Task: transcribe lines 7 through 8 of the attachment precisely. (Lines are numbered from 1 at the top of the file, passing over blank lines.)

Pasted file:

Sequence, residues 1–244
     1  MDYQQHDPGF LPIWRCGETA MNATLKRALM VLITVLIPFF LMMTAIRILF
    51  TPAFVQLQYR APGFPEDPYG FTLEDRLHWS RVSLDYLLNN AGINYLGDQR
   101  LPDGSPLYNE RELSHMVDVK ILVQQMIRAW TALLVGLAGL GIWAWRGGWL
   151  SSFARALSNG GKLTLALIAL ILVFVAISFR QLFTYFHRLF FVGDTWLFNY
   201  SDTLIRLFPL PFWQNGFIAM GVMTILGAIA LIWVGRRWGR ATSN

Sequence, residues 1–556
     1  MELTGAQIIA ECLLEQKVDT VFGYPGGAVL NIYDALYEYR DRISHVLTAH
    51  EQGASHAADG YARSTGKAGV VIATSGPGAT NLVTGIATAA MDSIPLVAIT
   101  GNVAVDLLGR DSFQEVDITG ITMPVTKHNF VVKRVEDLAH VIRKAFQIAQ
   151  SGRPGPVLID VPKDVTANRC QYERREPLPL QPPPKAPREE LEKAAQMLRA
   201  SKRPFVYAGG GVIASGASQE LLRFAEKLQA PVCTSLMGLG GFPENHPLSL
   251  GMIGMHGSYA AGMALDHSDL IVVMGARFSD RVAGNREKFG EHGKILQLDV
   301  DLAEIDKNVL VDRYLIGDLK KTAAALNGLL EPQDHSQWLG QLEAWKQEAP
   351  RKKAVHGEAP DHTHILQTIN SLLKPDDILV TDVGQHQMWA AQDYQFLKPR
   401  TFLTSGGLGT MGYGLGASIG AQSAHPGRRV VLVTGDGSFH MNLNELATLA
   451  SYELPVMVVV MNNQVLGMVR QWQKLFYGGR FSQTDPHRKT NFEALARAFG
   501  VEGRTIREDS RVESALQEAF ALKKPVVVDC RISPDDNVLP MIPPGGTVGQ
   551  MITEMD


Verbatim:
Sequence, residues 1–556
     1  MELTGAQIIA ECLLEQKVDT VFGYPGGAVL NIYDALYEYR DRISHVLTAH